25 May What a Swedish Town Can Teach Us About Guiding Teams Through Stressful Situations
How would you react if you were told that your entire town had to relocate to an entirely new spot, two miles away? I’m talking buildings, homes, people, lives – boom, packing up and moving down the road. This is exactly what the residents of Kiruna, Sweden were told one day. Naturally, they were a little stressed.
Turns out, the land that Kiruna is on is unstable due to years of mining, which caused the bedrock of the city to start not being so steady (as a rock). The government set up a 20-year plan to relocate the city entirely. Talk about needing a stiff drink and a sauna session! Actually…
Being Swedish, saunas are a prominent part of the culture there, particularly to build community and trust, just like in Finland. To ease the tension headaches that were certainly arising at the news, the government commissioned two architects to build a huge egg-shaped sauna in town.
The “Solar Egg” has three main purposes:
- The egg shape represents a “rebirth” of the town.
- Residents can relax in a sauna to ease the stress of moving everything they have ever known.
- Folks can gather together in this hub to talk about the situation.
The above-linked Curiosity.com article called the Solar Egg a “functional social structure.” This unique idea does a great job of building a “culture of connection” within Kiruna.
It Has Heart
Literally, the wood-burning stove that makes the sauna’s heat is shaped like an actual heart. But also, the structure shows that the people in charge over in Kiruna see it through the eyes of their residents, and take striking action to make them happy and comfortable.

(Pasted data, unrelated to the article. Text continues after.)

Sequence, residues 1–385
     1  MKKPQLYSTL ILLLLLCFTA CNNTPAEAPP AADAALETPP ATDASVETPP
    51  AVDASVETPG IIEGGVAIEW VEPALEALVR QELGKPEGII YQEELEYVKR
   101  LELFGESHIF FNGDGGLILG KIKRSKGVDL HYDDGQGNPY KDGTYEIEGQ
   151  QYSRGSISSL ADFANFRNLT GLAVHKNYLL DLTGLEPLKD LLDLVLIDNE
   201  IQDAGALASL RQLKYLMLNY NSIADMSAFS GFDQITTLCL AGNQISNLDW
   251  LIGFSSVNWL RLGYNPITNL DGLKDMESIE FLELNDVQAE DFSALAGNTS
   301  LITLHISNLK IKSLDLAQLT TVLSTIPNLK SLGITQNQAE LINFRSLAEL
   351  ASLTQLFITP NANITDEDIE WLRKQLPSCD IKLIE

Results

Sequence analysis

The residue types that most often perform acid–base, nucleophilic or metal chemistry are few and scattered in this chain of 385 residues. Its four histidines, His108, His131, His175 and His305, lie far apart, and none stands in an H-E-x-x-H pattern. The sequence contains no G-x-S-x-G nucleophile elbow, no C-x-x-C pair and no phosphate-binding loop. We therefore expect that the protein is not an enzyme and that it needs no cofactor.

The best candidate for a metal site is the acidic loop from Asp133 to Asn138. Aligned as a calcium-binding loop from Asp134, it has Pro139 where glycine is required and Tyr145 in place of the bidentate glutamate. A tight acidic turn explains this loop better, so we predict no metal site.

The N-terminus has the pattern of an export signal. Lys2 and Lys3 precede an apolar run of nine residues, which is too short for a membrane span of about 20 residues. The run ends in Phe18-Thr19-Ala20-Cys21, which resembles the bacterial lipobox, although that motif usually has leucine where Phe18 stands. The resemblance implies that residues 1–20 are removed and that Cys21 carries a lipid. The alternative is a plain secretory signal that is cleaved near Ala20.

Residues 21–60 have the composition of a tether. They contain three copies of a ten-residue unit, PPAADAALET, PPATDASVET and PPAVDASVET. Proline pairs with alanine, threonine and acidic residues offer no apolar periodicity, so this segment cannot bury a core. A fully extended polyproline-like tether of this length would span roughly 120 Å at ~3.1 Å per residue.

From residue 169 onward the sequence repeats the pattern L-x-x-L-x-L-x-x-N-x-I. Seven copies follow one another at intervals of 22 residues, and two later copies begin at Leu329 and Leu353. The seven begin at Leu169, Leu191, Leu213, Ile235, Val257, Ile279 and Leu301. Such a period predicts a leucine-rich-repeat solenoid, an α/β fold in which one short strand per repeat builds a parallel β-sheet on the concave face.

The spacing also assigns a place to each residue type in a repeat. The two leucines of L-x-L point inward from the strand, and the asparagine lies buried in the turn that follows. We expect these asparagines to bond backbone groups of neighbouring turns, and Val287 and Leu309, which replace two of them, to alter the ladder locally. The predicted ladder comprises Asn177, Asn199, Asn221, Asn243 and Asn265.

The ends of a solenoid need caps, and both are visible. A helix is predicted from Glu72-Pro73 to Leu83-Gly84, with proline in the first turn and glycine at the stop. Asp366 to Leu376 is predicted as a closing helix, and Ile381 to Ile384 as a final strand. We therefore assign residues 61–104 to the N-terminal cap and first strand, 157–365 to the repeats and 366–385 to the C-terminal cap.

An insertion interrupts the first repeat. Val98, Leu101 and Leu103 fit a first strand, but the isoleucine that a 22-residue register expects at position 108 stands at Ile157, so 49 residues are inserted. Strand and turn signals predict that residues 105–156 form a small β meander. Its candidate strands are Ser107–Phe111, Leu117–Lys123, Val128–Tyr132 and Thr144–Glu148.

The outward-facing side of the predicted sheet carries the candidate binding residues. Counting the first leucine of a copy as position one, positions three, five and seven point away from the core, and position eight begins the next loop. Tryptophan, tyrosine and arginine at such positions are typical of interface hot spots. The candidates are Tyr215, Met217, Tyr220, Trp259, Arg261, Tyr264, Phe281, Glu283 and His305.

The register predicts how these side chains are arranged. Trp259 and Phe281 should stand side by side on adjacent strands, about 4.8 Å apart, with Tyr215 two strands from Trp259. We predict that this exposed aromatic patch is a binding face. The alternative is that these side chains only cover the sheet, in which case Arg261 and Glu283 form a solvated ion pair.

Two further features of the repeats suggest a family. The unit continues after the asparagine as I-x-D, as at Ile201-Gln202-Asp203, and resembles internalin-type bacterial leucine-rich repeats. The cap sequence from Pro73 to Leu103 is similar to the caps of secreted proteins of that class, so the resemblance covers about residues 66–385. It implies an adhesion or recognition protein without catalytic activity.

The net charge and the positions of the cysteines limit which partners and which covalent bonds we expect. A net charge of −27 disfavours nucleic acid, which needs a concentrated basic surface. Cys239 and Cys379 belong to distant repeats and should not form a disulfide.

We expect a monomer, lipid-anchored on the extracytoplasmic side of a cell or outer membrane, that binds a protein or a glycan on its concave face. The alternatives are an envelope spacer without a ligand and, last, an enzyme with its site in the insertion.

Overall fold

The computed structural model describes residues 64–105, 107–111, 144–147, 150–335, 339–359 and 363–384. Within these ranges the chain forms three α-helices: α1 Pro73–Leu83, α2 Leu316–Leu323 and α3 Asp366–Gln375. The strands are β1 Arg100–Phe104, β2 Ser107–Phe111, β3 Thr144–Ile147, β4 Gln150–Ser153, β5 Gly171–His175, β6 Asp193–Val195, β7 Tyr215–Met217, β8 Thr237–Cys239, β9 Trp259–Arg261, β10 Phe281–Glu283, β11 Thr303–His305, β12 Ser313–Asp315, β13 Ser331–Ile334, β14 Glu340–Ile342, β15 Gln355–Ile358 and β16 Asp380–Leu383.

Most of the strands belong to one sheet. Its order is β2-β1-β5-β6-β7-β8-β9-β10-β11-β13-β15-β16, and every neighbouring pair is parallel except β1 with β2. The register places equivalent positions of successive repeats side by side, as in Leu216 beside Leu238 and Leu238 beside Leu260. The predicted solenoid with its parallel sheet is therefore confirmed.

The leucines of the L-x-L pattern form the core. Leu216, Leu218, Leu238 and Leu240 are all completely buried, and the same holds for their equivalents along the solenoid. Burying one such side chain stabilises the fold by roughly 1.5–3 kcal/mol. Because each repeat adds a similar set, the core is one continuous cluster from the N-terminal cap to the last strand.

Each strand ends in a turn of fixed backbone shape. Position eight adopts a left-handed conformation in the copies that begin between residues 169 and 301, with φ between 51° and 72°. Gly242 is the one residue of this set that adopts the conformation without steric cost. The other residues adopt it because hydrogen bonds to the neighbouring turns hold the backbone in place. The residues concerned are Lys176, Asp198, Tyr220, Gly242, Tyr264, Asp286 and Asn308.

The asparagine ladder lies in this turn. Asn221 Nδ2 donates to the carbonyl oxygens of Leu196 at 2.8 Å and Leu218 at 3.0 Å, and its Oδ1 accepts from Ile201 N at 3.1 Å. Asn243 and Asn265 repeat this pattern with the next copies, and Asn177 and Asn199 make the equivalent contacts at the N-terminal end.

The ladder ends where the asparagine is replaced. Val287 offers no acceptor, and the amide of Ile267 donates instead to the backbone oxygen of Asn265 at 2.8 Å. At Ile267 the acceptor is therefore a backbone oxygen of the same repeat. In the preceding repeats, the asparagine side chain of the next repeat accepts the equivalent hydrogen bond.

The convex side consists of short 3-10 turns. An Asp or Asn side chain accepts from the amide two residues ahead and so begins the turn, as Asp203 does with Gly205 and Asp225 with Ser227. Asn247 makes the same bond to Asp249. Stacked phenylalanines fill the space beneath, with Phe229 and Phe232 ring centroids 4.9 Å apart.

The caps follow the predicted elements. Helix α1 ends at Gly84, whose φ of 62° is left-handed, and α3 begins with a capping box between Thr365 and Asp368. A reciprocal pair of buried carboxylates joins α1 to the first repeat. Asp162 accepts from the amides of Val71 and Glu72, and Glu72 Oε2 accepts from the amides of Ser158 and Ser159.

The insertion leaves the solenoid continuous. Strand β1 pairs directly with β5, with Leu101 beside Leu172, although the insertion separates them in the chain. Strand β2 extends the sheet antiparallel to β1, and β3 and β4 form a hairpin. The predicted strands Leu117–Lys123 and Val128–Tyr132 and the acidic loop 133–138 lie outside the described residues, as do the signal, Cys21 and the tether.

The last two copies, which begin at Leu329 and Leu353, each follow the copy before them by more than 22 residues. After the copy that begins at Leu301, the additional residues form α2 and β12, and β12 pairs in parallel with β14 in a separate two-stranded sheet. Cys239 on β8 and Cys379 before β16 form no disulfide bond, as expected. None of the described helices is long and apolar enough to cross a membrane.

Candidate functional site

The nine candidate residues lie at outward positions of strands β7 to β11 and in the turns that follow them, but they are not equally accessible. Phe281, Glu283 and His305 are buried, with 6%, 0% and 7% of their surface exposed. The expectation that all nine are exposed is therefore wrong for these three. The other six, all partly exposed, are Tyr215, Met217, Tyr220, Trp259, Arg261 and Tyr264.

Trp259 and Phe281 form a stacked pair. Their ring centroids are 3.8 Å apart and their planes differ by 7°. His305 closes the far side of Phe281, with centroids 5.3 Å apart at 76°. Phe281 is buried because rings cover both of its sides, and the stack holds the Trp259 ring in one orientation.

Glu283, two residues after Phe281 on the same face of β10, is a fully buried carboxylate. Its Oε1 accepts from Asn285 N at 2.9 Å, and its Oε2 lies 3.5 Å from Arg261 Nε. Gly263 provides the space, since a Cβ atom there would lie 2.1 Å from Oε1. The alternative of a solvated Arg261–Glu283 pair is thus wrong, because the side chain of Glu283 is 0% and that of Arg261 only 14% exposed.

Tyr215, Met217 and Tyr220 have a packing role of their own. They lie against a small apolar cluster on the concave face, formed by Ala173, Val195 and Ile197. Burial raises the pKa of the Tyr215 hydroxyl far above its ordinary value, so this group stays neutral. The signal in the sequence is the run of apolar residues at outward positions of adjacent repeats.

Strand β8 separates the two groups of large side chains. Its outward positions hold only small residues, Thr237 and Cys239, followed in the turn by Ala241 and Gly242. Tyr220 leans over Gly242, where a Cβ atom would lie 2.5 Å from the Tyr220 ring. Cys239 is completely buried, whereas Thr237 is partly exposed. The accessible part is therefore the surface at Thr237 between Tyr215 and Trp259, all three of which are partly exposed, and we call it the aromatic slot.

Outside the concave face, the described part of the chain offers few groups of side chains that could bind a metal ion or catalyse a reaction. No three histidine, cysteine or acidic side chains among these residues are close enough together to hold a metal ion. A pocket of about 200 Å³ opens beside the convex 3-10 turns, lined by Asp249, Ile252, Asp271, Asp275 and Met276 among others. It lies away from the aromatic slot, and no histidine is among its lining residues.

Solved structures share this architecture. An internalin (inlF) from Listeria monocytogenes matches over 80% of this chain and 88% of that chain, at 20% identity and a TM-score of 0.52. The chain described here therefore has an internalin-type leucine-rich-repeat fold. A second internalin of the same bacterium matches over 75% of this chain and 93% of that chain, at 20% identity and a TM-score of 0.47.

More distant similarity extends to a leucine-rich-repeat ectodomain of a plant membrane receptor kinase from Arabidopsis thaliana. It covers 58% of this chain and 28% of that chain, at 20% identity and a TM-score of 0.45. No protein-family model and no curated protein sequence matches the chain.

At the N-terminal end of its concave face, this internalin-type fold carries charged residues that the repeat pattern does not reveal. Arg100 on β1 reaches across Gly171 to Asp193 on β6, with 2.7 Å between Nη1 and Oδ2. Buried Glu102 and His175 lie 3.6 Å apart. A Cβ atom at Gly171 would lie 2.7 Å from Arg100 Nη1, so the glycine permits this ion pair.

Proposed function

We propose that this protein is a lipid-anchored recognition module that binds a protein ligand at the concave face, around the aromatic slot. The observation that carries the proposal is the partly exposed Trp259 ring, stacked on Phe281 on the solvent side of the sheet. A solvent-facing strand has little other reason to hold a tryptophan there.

You can’t ignore a ridiculously huge golden egg in the middle of town. You just can’t. For those residents who might tend to isolate themselves due to the coming changes, this structure causes them to stop and interact with their community. This works whether they step inside and enjoy the sauna, or if they just talk about the project with their neighbors. Barring the fact that this is not a cheap project to put together, it’s the perfect blender event.
As the Curiosity article states,
“The sauna provides a warm place for residents and officials to come together and discuss the situation, while boosting community spirit during a difficult time.”
When things get out of hand, having a culture of connection in place, and continuing to grow it, goes a long way in keeping everyone happy. Next time you have to share stressful situations with your team or community, give them positive ways to cope with it that bring them together.
- Surprise them with pizza in the middle of a big project or overtime.
- Create spaces around the office where they can take a break from the hustle.
- Institute “office hours” or an open door policy.
- Create a Slack channel or Google group as a virtual hub to talk about the situation.
We can’t all hire an architect to build giant golden eggs. But we can learn from the people of Kiruna a very important lesson: Moving an entire town is a fever you CAN sweat out.